Photographed by Quinn McCaffrey of Brady Pitcher and Emma Adelman
Styled by Jack Turpen
By Jack Turpen and Sophie Dehn
For those of you familiar with Project Runway, the phrase "unconventional challenge" won't surprise you. Even though the designers must abuse the materials (and occasionally the models wearing them) to achieve their goals, these challenges aim to use unusual materials to produce garments that won't look tortured. This taught viewers and designers that you don’t necessarily need to purchase fabric or materials at a traditional store in order to create something one of a kind. The unconventional challenge is sustainable for our environment and pushes you as a designer. Why not use some of the materials from the bottom of your closet instead of going to the store to buy extra fabric you are just going to waste anyway? While I do agree with the idea behind the challenge, the show also captures seasons where the unconventional challenge requires you to purchase different materials from a store. While this can push your design abilities, it can also be very expensive, and probably just as environmentally unfriendly as purchasing fabric. That said, opting out by using materials you already own can be a great way to recycle and save money.
For those of you that struggle with repurposing clothes and creating something entirely new from a pre-curated garment, this could also be great practice for you. This is not to say you need to start on any big projects, starting small by hand sewing stuffed animals onto shorts or sewing ties on the hem of a skirt can make for great mini projects to increase beginner skills. Practicing designing with unconventional materials, even though you may have conventional ones, will feel technically easier but may challenge you creatively. Recently, we have noticed a rise in unconventional materials spreading throughout the industry, with designers creating stunning and wearable works of art. Zippers, DVDs, safety pins, and other non-conventional materials can all be managed to be applied to a garment. Although, this trend is not new, as we see designers like Junya Wantanabe as early as 2005, who incorporated zippers in unconventional ways throughout his collection.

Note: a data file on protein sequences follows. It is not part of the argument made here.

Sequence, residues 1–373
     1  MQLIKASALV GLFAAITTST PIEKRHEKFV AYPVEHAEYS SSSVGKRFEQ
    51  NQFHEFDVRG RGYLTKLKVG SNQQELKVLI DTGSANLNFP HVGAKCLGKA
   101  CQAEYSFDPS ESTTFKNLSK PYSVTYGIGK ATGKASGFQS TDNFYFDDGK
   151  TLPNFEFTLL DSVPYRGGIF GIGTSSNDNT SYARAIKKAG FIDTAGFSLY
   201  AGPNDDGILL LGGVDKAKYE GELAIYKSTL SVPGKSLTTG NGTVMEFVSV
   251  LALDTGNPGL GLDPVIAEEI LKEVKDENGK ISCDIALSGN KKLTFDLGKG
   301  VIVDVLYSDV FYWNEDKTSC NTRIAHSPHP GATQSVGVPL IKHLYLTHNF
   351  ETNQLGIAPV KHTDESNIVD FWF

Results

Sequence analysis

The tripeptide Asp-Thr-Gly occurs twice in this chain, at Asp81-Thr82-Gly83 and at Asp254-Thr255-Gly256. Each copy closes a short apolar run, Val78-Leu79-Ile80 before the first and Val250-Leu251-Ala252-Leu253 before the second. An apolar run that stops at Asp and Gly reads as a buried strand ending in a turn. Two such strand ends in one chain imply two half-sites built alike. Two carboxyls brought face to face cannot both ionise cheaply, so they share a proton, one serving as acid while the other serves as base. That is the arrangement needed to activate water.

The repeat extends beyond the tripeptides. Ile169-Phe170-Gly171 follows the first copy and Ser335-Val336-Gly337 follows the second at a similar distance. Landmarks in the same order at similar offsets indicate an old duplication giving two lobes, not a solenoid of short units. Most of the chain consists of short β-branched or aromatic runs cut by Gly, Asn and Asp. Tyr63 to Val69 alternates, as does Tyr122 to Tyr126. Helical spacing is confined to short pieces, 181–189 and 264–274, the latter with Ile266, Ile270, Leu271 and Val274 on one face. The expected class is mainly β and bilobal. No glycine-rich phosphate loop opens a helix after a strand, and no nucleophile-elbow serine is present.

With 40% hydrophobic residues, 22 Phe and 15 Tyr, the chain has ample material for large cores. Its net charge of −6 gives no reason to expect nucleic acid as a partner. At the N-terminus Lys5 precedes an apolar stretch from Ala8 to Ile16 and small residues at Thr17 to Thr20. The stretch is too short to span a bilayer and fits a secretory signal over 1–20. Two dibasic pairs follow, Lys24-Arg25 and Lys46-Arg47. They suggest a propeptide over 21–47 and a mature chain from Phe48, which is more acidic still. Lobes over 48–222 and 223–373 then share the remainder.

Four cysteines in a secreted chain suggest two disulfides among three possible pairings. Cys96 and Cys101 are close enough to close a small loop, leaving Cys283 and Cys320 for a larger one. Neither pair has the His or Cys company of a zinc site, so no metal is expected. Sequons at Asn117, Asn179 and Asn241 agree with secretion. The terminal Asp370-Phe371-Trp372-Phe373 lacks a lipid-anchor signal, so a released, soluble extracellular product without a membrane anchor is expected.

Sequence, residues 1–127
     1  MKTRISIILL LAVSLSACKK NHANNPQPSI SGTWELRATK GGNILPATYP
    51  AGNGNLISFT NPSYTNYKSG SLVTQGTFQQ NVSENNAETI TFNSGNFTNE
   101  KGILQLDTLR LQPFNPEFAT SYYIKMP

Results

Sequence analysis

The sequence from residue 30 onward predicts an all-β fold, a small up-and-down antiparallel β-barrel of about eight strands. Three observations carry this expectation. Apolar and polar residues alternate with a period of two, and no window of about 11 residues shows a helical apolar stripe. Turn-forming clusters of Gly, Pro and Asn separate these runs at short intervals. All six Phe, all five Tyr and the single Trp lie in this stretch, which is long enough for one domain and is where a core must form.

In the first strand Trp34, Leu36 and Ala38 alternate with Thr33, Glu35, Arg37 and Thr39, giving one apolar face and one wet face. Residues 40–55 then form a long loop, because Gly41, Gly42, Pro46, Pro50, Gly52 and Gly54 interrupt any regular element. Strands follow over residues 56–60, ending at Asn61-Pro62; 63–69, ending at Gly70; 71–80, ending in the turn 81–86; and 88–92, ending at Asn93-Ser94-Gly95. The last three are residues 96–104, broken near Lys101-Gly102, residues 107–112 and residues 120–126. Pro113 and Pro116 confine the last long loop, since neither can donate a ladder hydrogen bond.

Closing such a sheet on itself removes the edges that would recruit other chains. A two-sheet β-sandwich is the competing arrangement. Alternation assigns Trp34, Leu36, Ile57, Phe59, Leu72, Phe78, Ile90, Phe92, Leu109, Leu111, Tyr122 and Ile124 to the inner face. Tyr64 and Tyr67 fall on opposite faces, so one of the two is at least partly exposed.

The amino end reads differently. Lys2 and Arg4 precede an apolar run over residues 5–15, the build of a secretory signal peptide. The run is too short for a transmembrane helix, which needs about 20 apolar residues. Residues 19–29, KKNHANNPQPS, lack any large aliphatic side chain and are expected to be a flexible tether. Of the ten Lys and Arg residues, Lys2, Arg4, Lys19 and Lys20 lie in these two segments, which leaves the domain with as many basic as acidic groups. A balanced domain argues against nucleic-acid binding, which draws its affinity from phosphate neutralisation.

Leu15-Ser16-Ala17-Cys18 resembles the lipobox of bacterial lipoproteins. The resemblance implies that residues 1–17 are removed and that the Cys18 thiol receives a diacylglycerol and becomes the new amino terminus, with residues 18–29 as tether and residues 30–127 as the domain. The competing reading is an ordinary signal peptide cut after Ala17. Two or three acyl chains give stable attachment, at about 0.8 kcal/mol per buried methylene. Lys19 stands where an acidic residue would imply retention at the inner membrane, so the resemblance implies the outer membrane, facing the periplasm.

Though it may not be a designer's first choice, utilizing unconventional materials has proven to be a great way to stay green. Not only is it more cost-effective, but it also avoids our tendency to overproduce. By utilizing things you already own or using secondhand items, designers can create silhouettes that have yet to be seen. In our very own “unconventional challenge”, we attached ties to the bottom of a denim skirt, transforming the entire garment. The skirt was made using long ties, printed scarves and bow ties atop a cut denim skirt. The pants were made using old denim shorts and old stuffed animals. Both tops were made using old garments; the t-shirt using two old graphic Ts and a strip of lace from a silk skirt. The button up using two old button ups sewn up the back and buttoned together.
Anyone can be a designer; skill level does not exclude someone from the world of fashion. So, this idea that one may be restricted by their lack of experience is crazy. It is all about finding shortcuts that can work with your level of experience. Utilizing unconventional materials and old garments is the perfect starter kit for anyone who hopes to be a designer. It is all about experimentation and a lack of fear. When you can get your hands on a pile of old items, your creativity will finish the sentence. With that said, we encourage you to try new things. Gather your unused belongings and start creating! It is so much easier than one would think.